Built Environment

Complete Streets

What do Complete Streets Involve?

Complete Streets are designed with all users in mind, regardless of ability or age. A Complete Streets policy ensures that engineers and transportation planners consistently design the streets with this in mind. No two streets are the same; the street features and design are determined by context, road function, speed of traffic, topography, demands of people walking and bicycling among other things. Based on context, common features of Complete Streets include:
  • Sidewalks
  • Paved shoulders
  • Bike lanes
  • Bus stop access
  • Sidewalk "bump-outs" at intersections
  • Safe crossing points
  • Accessible curb ramps
  • Pedestrian refuge medians
  • Access to adjacent trails in a "corridor" 

Complete Streets is not about costly retrofitting of streets but rather about working during the planning process of street updates or upgrades in order to be more cost-effective.

What Is The Heart of New Ulm Project Doing for Complete Streets?

In September 2012, the Minneapolis Heart Institute Foundation received a two-year Small Communities Transformation Grant from the Centers for Disease Control and Prevention to increase the number of Brown County residents who have access to safe walkable and bikeable routes.  Receipt of the grant allowed the Heart of New Ulm Project to begin working on making improvements to the built (physical) environment to increase safety for people who walk or bike, incorporating complete street concepts.  In October 2012, the project brought Mark Fenton, a national public health, planning, and transportation consultant and Kelly Morphy, the executive director of the Walkable and Livable Communities Institute, to New Ulm to provide information on the many community benefits gained through the implementation of Complete Streets strategies. Several individuals participated in a driving tour of New Ulm with Fenton and Morphy to identify assets and areas of improvement in traffic flow and safety for people who walk and bicycle in our community. New Ulm-specific examples were used in the enthusiastic and compelling presentation of the benefits a community can gain from implementing Complete Streets strategies that Fenton gave to city leaders and Brown County Commissioners.

walk audit around the New Ulm Recreation Center and the New Ulm elementary and high school followed the presentation involving 15 participants. A walk audit is a redesign and visioning tool used to help participants understand how various relatively inexpensive changes to the streetscape can improve safety for the people driving, walking or bicycling.  One example involved having the participants form a human curb bump out as a traffic calming measure in the school drop-off zone. This opportunity gave the participants a better understanding of managing traffic flow while improving safety.

The Walkable and Livable Communities Institute used the information collected on the driving tour, interviews and walk audit to create a report on recommendations for New Ulm to improve safety for all users. The report identified specific areas that would benefit from relatively low-cost traffic calming measures to long-term structural changes to improve safety.  


The Coalition for Active, Safe and Healthy Streets (CASHS) was formed to prioritize the recommendations identified in the report and develop a plan for implementation. The following actions teams were developed to work specifically on the areas identified in the report:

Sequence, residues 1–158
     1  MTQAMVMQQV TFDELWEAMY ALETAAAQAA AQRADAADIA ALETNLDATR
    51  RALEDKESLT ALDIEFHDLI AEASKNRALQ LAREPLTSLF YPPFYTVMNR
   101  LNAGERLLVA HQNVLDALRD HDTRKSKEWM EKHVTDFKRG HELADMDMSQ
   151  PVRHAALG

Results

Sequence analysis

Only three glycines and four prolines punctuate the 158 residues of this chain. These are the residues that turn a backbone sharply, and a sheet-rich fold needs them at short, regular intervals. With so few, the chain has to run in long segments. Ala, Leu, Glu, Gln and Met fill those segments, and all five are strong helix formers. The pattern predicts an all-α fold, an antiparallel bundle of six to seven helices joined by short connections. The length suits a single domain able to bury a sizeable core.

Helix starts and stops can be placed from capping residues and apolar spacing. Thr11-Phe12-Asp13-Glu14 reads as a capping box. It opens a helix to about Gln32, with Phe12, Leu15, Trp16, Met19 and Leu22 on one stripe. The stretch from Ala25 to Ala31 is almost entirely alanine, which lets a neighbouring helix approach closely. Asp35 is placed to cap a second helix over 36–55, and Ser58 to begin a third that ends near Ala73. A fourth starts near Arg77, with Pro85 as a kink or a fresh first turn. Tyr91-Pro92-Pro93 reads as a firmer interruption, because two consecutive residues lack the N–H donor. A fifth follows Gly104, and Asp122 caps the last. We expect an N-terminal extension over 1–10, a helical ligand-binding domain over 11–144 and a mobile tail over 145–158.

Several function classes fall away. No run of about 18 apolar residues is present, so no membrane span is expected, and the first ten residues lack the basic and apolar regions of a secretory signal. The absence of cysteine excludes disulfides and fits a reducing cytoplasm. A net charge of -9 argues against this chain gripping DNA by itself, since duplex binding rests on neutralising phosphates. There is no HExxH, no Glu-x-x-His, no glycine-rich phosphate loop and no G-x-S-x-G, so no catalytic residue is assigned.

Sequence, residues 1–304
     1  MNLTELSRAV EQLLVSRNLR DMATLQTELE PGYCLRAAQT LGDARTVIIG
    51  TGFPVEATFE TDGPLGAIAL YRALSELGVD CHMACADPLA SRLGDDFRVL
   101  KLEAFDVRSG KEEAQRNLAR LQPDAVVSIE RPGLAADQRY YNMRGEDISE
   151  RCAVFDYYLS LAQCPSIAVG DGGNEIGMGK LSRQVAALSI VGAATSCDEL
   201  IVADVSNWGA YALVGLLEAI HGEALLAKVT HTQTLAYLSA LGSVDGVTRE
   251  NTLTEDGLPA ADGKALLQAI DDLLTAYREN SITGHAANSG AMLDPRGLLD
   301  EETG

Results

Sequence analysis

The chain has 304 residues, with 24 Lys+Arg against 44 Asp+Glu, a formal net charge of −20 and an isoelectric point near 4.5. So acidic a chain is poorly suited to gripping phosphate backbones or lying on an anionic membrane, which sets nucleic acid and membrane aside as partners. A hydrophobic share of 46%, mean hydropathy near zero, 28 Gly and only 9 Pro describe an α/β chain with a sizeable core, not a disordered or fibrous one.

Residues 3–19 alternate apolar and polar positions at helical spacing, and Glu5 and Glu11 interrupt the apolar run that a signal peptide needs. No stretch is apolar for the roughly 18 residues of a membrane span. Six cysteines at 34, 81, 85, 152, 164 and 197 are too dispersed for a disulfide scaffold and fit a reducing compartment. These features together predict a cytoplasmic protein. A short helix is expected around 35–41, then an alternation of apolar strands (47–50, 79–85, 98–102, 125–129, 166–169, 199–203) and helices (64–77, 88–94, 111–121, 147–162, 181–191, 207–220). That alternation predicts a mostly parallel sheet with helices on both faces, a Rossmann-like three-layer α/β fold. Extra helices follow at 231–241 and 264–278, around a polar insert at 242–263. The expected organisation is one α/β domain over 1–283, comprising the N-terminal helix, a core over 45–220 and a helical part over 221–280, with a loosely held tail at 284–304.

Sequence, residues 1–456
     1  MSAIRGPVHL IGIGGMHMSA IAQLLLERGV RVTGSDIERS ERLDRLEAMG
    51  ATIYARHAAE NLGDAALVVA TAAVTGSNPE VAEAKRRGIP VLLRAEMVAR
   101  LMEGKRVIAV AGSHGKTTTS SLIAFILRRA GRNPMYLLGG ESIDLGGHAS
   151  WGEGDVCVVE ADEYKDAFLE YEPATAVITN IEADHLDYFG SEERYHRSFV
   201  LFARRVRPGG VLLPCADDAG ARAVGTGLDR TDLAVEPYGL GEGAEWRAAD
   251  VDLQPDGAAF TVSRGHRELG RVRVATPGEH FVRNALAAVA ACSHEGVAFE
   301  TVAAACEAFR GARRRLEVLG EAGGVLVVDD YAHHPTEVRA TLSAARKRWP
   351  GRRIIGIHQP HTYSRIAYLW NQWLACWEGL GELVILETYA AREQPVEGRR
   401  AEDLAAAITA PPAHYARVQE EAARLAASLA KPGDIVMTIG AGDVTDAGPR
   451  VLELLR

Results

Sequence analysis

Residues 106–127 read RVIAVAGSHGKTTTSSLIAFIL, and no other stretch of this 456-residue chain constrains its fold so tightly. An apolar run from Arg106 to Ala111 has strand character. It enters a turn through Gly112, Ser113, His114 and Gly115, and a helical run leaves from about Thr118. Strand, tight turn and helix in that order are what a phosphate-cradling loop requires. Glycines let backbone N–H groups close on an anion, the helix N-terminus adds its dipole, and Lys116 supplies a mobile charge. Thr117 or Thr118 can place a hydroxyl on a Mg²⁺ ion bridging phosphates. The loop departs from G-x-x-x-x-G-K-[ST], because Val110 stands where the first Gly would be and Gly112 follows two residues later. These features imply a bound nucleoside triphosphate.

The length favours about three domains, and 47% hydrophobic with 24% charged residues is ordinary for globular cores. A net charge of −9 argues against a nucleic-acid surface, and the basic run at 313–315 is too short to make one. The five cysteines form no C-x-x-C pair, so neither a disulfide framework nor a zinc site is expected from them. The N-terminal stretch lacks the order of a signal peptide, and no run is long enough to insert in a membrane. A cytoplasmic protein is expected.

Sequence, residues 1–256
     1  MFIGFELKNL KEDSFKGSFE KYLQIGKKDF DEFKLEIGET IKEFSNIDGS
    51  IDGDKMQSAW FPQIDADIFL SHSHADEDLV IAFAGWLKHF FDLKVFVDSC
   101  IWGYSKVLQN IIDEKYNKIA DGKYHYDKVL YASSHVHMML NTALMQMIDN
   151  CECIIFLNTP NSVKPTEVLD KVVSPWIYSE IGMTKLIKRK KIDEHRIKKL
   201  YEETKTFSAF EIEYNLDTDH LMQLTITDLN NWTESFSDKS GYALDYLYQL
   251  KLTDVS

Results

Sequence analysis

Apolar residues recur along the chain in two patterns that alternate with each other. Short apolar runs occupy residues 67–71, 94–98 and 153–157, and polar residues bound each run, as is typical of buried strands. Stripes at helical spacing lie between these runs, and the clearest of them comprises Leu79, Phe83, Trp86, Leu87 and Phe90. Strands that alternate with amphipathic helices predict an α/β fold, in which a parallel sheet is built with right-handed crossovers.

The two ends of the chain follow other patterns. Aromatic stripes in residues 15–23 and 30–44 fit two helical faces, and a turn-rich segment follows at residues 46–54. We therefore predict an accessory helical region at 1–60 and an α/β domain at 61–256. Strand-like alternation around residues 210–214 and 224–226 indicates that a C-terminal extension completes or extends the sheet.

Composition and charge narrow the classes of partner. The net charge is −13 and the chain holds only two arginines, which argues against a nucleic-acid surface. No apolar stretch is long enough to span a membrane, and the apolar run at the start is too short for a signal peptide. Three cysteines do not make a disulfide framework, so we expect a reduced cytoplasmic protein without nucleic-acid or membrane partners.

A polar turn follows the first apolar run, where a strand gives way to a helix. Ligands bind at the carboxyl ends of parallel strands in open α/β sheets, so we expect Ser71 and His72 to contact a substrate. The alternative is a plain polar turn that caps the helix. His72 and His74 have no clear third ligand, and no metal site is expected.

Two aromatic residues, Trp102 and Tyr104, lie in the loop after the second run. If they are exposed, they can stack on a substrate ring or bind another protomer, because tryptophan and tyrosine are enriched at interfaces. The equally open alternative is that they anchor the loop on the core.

• Safe Routes to School – improve the school arrival and departure process

  • Downtown – tasked with revitalizing the downtown area and increasing social connections

  • New Ulm Bike Group  – creating designated bike routes throughout the city that connect to the circular bike trail around New Ulm.

  • Redesign Garden Street – narrow the driving lane to slow vehicular speeds, add bike lanes and add a mid-block crossing between the recreation center and the schools. 

Accomplishments to date

During the resurfacing of Garden Street in the summer of 2014 between South Payne and South Eight Street the driving lanes were narrowed, parking was removed on one side, bike lanes were added in each direction and an enhanced pedestrian crossing was added with a refuge island to increase safety for children walking or bicycling to school. 

In July 2014, the Region Nine Development Commission began planning for the Safe Routes to School in New Ulm after receiving a federal technical assistance grant from the Minnesota Department of Transportation. 

With the help of the New Ulm Bike Group, new signs are being posted to designate the Bike Circular Route that uses streets around the city and connects to the paved bike trail to complete the circular route.  Low-volume traffic streets have been identified for the connections throughout the city to businesses, the medical center, the schools, parks and the Bike Circular Route.  

Continued work 

The CASHS coalition continues to meet regularly to discuss the progress of ongoing projects as well as future projects.  The coalition is also crafting language that will be used for a Complete Streets Policy and presented to the City Council for approval and implementation.  


Complete Streets

in New Ulm 

Understanding "Complete Streets"

Mark Fenton's Presentation on: 

Building Community Health with Sticky Design


The Complete Streets Initiative in Minnesota  

Learn more.

Minnesota Complete Streets Coallition

Learn more.

Complete Streets at the National Level

Learn more

 Complete Streets and Walkability 

Final WALC report for New Ulm

WALC Report Fact Sheet